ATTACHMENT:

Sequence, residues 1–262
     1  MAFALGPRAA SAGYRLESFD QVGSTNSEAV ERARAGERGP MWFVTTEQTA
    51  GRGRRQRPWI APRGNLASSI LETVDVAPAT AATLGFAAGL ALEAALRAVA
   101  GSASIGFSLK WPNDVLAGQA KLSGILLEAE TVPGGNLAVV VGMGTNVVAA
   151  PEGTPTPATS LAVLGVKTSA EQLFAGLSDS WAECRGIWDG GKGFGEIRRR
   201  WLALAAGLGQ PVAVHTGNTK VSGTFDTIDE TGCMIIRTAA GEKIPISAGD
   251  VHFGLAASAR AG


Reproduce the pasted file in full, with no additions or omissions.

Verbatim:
Sequence, residues 1–262
     1  MAFALGPRAA SAGYRLESFD QVGSTNSEAV ERARAGERGP MWFVTTEQTA
    51  GRGRRQRPWI APRGNLASSI LETVDVAPAT AATLGFAAGL ALEAALRAVA
   101  GSASIGFSLK WPNDVLAGQA KLSGILLEAE TVPGGNLAVV VGMGTNVVAA
   151  PEGTPTPATS LAVLGVKTSA EQLFAGLSDS WAECRGIWDG GKGFGEIRRR
   201  WLALAAGLGQ PVAVHTGNTK VSGTFDTIDE TGCMIIRTAA GEKIPISAGD
   251  VHFGLAASAR AG